Insomnia has a certain dreamlike quality to it. I woke up after midnight and couldn’t get back to sleep, so I thought I’d catch up on the headlines. Wow, I thought. All those miners safe! And Alan and I were just saying how sure we were that they were dead. It’s a miracle.
Then I woke up, hours later, and they were dead, all but one.
Someone — a lot of someones — got some bad information.
For once, I’m not blaming reporters. The management of this mine sounds like a real piece of work.
I went to college in southeastern Ohio, which is coal country. One of my roommates dated a miner, a young guy drawn to the work for the usual reasons. No, reason: It paid handsomely. And that was about the last good thing you could say about it. Medieval working conditions, punishing hours, danger around every corner and lots and lots of money. And since that’s about the only job that pays well in Appalachia, there’s no shortage of people willing to do it.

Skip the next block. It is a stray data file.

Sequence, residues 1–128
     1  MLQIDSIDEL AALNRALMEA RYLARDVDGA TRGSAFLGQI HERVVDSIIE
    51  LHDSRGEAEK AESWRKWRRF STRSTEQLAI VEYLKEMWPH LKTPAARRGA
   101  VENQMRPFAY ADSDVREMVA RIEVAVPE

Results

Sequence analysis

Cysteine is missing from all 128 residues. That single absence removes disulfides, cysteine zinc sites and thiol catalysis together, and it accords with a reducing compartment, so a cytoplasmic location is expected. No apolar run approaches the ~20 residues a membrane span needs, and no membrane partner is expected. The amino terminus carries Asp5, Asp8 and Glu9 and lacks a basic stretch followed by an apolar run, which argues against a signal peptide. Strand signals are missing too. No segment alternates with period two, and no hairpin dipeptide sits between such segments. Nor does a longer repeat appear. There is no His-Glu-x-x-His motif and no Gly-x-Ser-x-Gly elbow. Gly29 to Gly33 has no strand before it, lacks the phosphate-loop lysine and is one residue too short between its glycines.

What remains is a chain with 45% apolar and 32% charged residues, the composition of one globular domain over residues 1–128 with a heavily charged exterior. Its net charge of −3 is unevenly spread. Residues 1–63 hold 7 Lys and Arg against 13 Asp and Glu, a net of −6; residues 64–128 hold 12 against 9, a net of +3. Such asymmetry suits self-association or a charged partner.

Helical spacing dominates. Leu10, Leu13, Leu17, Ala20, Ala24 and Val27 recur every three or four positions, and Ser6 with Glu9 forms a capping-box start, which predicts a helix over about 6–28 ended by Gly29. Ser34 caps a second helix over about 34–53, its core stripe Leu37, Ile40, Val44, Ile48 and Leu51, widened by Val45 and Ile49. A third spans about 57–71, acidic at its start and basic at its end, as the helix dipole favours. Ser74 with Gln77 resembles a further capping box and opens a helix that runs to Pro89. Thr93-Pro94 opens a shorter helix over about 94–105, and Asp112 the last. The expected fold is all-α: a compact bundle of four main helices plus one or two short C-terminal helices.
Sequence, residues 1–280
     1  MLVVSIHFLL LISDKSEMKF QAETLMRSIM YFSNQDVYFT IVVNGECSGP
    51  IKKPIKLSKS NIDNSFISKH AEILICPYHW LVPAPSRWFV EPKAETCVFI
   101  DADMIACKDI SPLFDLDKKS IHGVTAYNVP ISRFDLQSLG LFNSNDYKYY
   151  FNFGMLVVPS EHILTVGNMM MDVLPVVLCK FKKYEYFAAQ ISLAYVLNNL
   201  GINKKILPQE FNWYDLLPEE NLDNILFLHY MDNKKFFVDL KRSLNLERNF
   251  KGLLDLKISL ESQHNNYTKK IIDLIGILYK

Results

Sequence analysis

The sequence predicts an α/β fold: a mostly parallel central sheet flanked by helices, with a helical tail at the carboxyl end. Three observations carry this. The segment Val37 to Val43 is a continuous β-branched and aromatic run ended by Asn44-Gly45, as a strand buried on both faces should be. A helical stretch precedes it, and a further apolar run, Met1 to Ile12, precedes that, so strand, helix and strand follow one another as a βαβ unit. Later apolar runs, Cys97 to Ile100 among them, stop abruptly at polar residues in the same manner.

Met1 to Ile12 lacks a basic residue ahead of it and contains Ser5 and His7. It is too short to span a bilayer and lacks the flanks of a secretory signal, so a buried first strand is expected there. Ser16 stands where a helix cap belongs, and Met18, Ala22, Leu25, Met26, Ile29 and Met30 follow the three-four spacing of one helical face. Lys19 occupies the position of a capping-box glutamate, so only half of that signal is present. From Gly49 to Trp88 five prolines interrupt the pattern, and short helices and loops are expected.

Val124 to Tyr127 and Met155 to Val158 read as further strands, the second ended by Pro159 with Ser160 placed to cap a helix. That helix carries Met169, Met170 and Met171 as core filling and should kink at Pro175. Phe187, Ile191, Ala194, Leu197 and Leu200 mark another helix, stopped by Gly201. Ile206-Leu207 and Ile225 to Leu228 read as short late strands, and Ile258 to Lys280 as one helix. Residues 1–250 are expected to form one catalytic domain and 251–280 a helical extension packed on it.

This guy my roommate dated? He took a shower when he reached the surface after a shift. He took another when he got home. Sometimes he took a third at our place, if he was sleeping over. And he still left black streaks on her sheets.
Best book about coal mining (fiction division): Martin Cruz Smith’s “Rose.”
May they all rest in peace.
Why Midwesterners flock to Florida all winter — it gets dark here:
“I just got off the phone with the National Weather Service,” Hugh McDiarmid Jr. said. “Guess how much sunshine we’ve had since Dec. 19.”
“In hours?” I asked.
“Wrong unit of measure,” he said.
“Less than one hour?”
Hell, it’s character-building.
Who is Jack Abramoff? Don’t ask the WSJ.